Kearney Animal Shelter Needs Votes for Project STRAY

A local animal shelter is asking for the public's help to get a project up and running that would help make some of their dogs more adoptable and provide benefits for the people involved.

"She's a shy little girl, but she's a a really sweet little thing," says Kearney Animal Shelter veterinarian Dr. Tracy Kelliher as she examines a little brown stray named Foxy.

Kelliher says dogs like Foxy don't always get "forever homes" because they don't make good first impressions - hiding in the back of their kennel or rushing to the front when potential adopters come to see them.

To give them a better shot, Kelliher came up with the idea of Project STRAY (Stray Training and Rehabilitation by Area Youth). Behaviorally-challenged dogs could be administered advanced obedience training by students at the Kearney Youth Rehabilitation and Treatment Center.

"Dogs will be in a live-in situation, they'll be assigned a primary handler and then two optional handlers so that they get a break," said Kelliher.

But to get Project STRAY started the shelter needs funds, so Kelliher entered a contest sponsored by vet product manufacturer Heska. Now they need the public's online votes to win the $25,000 prize.

"Last year's winner won by less than a 50 vote margin," Kelliher said. "So we need to get our neighbors in Lincoln and Omaha, Grand Island, Hastings, even other states to come and vote with us."

Officials with the Youth Rehabilitation and Treatment Center weren't willing to comment ahead of a more finalized plan, which the Animal Shelter says hinges on them getting funding, but Dr. Kelliher says it's still exciting for the community to be working together toward this goal.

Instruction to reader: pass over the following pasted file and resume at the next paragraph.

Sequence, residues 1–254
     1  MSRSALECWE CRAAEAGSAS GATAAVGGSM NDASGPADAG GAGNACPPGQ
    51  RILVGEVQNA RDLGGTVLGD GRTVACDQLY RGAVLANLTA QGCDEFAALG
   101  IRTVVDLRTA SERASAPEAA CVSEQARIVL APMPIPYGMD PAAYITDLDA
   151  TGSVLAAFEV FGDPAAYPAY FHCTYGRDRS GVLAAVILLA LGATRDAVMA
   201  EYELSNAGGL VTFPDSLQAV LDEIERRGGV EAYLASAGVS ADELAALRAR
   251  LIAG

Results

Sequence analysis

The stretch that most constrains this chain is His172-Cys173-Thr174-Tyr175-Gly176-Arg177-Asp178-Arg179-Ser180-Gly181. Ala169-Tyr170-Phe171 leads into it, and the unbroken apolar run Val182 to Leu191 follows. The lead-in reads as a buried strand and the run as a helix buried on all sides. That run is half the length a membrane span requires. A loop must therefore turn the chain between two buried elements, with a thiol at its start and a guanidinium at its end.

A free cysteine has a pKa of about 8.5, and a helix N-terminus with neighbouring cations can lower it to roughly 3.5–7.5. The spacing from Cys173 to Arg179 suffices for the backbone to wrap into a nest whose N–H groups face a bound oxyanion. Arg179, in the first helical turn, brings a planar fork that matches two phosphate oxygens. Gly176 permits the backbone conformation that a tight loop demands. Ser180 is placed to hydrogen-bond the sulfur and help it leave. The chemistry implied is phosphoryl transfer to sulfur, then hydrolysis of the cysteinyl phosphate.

"They've actually shown that the students that are involved in this, and even the ones that are just around it, will open up easily to their peers and to their counselors, so we're hoping it'll benefit all the kids in the facility," she said.

Kelliher says the program would be self-sustaining as students would train students and volunteers would help out, so with the Heska prize money they could fully fund the program. She says the dogs would be more adoptable once trained, and that pet projects like this have been show to lower re-offender rates. Part of Project STRAY would also involve service dogs trained at the YRTC in Geneva.

Voting ends December 18th. To vote or learn more about Project STRAY, click on the links below.


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